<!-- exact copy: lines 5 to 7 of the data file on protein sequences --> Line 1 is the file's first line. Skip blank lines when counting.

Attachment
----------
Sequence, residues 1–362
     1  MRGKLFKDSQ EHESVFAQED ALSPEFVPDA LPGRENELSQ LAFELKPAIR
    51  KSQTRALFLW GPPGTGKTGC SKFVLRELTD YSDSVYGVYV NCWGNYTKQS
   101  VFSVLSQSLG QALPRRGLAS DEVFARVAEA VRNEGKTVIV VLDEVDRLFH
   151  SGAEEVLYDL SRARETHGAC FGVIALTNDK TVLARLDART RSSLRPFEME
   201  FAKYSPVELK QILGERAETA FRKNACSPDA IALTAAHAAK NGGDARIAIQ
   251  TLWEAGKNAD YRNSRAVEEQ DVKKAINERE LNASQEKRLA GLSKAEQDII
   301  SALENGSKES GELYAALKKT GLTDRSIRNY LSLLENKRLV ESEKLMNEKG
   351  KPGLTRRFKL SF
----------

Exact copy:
   151  SGAEEVLYDL SRARETHGAC FGVIALTNDK TVLARLDART RSSLRPFEME
   201  FAKYSPVELK QILGERAETA FRKNACSPDA IALTAAHAAK NGGDARIAIQ
   251  TLWEAGKNAD YRNSRAVEEQ DVKKAINERE LNASQEKRLA GLSKAEQDII